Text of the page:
Third, the district should double its investments in information infrastructure across the city. By far, online retail is the fastest growing component of new businesses and new business applications. On this front, the pandemic has acted as a leveler, as it has reduced retail’s reliance on access to high-value storefronts. The success of these remote businesses depends on access to reliable, high-capacity internet access, and we watched how the digital divide amplified racial inequalities as schools moved to online learning in the spring of 2020.[7] Making high-quality, high-capacity Internet available for free or at low cost to every district resident who otherwise would not be able to pay for such access can greatly help start-up businesses, especially in poorer neighborhoods. less endowed in the city.

Fourth, the district should find other means of support to transform online businesses into physical businesses. With the increase in vacancies in the city’s main employment centers, there is an opportunity to provide cheaper office and commercial space to a more diverse set of businesses. The district could offer incentives to new businesses to take up space in vacant office buildings or encourage landlords to provide such space. This could be in the form of rent subsidies, tax incentives, or even a program whereby the city contributes a portion of the rent to startups that commit to staying in the city.

The economic future of the District of Columbia depends on the return of strong demand for urban amenities. Increased entrepreneurial activity combined with the need to fill empty office buildings provides the District with a unique opportunity to create economic dynamism with a more diverse business base. The district can either ride this current entrepreneurial wave by removing its restrictive regulatory regimes, or watch it crumble as more residents find it harder to survive in the city.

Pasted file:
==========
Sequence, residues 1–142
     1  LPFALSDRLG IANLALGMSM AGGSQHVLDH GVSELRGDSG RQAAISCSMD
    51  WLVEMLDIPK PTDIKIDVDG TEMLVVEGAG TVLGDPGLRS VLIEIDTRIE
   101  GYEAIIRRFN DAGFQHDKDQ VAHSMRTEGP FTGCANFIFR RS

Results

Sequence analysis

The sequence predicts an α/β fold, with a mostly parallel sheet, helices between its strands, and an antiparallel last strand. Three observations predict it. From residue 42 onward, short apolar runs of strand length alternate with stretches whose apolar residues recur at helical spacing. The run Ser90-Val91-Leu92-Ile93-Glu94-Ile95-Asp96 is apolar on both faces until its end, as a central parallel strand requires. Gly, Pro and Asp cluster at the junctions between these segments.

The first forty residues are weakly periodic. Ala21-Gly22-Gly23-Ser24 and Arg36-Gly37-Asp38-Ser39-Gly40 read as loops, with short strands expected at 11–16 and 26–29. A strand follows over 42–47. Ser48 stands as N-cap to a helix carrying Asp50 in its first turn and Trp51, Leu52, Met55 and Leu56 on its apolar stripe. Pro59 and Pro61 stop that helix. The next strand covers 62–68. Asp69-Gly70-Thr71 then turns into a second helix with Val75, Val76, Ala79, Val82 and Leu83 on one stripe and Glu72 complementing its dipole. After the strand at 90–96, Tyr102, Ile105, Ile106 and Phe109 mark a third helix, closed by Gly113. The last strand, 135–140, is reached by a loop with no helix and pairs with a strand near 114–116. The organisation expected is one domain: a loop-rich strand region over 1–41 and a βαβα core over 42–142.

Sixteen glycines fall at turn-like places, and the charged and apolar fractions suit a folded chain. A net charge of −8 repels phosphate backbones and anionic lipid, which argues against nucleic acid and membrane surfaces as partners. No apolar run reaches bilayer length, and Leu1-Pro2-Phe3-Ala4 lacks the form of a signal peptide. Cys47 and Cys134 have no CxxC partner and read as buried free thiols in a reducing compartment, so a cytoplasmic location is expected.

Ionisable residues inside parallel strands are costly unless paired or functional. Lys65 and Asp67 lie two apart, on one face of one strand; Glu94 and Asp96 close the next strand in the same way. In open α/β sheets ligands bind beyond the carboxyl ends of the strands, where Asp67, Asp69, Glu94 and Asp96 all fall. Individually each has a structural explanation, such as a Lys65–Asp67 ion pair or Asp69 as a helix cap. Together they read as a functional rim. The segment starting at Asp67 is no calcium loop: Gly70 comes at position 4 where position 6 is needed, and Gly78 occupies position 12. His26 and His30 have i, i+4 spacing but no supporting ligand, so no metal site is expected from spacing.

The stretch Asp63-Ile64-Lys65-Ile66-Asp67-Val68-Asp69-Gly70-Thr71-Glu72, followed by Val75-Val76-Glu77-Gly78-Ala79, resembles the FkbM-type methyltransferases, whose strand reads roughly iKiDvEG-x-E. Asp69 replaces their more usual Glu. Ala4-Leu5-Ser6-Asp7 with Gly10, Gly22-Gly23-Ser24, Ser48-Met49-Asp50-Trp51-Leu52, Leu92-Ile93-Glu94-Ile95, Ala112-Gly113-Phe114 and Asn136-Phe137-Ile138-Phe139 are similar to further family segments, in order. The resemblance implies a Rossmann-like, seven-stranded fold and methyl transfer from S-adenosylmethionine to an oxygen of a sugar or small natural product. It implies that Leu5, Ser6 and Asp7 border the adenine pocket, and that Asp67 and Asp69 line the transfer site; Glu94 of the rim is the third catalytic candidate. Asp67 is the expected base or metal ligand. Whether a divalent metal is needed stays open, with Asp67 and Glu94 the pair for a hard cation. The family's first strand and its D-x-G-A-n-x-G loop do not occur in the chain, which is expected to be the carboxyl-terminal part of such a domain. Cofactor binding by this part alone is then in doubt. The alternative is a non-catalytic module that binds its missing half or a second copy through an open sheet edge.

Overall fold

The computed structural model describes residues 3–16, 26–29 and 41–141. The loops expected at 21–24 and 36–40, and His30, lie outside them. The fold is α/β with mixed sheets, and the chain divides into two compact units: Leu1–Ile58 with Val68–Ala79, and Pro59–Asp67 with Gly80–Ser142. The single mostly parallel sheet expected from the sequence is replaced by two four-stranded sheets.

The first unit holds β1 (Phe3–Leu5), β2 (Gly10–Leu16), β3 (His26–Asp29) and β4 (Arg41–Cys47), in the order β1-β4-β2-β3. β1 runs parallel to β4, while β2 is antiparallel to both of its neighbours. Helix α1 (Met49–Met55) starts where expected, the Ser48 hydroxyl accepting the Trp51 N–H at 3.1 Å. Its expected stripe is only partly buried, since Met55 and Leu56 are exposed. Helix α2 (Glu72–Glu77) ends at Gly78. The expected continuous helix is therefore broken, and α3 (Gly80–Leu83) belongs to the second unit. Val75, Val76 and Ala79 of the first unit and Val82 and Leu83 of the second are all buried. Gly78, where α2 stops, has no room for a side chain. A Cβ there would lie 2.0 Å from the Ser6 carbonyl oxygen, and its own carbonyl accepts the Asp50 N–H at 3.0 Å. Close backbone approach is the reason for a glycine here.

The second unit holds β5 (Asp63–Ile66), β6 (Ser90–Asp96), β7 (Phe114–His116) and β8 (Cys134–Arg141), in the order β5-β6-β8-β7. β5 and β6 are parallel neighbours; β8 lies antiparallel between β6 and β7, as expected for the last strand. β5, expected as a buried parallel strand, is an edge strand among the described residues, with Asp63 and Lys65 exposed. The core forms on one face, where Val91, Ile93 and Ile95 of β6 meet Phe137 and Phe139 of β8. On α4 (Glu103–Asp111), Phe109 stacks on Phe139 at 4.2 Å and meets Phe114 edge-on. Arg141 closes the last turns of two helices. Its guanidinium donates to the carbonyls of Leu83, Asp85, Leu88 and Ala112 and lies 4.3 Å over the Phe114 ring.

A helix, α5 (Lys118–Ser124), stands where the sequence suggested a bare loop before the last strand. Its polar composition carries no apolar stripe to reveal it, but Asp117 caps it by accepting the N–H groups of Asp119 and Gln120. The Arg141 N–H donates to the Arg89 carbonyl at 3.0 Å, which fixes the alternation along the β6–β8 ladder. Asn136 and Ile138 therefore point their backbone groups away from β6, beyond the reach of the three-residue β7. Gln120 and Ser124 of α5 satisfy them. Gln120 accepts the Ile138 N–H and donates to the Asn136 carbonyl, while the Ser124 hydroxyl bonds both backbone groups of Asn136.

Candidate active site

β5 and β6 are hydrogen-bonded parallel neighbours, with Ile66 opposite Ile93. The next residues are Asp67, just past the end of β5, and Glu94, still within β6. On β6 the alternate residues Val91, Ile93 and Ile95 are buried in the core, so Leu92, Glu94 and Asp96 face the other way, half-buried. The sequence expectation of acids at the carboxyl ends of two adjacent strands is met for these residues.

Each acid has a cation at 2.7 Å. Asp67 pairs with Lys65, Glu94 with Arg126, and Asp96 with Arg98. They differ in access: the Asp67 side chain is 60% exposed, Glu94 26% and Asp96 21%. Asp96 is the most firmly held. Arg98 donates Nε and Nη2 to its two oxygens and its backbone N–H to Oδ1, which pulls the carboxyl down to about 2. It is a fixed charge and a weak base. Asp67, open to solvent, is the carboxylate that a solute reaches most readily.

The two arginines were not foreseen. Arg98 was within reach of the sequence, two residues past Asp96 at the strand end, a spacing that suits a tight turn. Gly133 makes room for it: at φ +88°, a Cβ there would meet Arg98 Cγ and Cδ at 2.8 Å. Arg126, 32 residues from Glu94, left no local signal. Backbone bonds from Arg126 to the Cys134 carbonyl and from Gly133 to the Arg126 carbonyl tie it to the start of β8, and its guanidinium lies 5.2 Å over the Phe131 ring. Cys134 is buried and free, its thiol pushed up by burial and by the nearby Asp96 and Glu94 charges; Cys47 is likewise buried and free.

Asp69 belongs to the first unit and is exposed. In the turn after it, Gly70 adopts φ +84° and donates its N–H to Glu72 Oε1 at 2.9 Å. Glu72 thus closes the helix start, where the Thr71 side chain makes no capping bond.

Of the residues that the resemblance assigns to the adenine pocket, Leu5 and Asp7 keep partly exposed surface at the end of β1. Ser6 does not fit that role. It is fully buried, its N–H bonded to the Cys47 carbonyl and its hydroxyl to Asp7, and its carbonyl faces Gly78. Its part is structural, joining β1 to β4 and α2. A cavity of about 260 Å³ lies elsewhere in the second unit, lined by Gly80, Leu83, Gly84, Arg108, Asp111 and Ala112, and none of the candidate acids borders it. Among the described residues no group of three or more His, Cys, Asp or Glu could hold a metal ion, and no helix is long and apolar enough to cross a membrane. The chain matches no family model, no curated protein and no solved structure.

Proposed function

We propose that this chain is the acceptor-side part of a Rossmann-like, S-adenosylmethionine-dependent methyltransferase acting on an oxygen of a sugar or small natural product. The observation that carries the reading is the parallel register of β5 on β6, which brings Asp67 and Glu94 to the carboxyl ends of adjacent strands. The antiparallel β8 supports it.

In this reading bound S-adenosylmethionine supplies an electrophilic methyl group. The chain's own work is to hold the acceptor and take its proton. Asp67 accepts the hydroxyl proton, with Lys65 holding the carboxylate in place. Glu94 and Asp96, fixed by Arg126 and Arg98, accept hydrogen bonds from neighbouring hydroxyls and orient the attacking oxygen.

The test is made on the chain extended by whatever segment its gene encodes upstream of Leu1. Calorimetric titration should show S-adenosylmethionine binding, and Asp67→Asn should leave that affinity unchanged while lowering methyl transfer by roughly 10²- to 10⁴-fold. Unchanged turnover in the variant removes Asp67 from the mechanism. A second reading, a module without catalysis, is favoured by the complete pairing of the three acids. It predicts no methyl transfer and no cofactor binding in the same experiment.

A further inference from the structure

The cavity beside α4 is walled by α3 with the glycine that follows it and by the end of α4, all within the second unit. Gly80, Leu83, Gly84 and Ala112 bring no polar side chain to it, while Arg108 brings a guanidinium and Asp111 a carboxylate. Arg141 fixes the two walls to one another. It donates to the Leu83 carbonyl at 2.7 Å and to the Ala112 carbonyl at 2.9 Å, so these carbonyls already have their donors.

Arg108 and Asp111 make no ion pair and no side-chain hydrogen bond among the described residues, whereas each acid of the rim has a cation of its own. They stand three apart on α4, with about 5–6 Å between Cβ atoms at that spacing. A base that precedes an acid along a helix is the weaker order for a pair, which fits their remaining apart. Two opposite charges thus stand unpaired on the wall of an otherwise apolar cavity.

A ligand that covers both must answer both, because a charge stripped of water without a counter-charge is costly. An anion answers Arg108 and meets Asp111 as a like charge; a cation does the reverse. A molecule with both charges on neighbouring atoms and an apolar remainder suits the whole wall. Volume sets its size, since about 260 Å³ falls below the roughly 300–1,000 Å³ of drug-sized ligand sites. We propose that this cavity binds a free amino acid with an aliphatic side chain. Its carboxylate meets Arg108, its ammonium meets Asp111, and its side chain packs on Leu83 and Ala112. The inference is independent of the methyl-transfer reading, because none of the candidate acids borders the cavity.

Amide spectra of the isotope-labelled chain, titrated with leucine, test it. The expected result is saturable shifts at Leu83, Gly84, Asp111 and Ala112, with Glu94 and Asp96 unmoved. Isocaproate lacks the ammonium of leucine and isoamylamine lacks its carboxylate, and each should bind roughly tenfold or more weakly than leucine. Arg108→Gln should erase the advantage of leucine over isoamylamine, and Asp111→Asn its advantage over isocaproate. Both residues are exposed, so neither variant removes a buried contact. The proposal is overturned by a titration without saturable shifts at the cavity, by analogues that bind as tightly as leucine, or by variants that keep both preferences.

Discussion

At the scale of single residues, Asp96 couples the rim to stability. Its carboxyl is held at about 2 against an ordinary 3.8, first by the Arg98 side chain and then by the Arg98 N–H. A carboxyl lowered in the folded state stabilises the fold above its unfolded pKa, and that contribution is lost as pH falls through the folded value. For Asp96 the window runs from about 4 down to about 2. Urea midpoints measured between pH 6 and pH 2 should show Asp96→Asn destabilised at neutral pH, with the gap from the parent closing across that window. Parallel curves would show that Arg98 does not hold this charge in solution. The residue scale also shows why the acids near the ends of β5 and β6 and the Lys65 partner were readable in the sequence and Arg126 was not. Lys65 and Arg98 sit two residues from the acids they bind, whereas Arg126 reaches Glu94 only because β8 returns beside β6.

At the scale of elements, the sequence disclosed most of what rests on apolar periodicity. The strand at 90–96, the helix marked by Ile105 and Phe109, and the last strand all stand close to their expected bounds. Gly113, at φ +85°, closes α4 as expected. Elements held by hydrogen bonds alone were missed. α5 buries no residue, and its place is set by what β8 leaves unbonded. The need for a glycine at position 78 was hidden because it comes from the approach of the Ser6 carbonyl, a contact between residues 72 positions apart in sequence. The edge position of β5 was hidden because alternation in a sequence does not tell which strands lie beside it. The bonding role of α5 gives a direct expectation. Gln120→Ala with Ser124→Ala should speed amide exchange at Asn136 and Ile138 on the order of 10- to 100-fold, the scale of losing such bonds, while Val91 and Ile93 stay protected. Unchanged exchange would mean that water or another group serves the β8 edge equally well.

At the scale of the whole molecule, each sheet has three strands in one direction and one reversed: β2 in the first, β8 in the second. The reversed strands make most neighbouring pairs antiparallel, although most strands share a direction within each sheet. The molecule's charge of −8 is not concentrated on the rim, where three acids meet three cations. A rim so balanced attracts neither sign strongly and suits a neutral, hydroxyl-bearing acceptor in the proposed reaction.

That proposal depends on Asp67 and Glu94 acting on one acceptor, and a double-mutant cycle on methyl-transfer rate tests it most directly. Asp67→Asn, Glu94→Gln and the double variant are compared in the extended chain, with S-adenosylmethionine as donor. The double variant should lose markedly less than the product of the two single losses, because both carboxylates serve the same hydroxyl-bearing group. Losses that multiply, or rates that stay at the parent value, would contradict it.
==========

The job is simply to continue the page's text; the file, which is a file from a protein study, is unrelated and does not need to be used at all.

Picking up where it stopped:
Annex figure

Endnotes

[1] Information collected from DCRA’s website, available at https://dcra.dc.gov/service/get-business-license.

[2] Evidence from Brook Fallon, Institute of Justice, presented at the DCRA Oversight Hearing held by the Committee of the Whole on February 6, 2019. Available at http://district.works/wp-content/uploads/2019/02/IJ-Testimony-Appendices-for-COW-DCRA-Hearing-2.6.19-Final.pdf.

[3] The numbers here compare business creation to business applications for the previous eight quarters, presented as a 12-month moving average.

[4] See, for example, Simeon Djankov and Eva (Yiwen) Zhang, Startups boom in the United States during COVID-19, Peterson Institute for International Economics, accessed 7 February 2021. Available at https://www.piie.com/blogs/realtime-economic-issues-watch/startups-boom-united-states-during-covid-19.

[5] Zickuhr, Kathryn (2019). Applying a Racial Equity Lens to Fines and Fees in the District of Columbia, DC Policy Center. Available at https://www.dcpolicycenter.org/publications/racial-equity-fines-fees/

[6] B24-0237 – Clean Hands Certification Equity Amendment Act of 2021, submitted by Council Member McDuffie on May 3, 2021.

[7] DC Policy Center (2021) State of DC Schools 2019-20, available at https://www.dcpolicycenter.org/publications/state-of-dc-schools-19-20/

Share.

Comments are closed.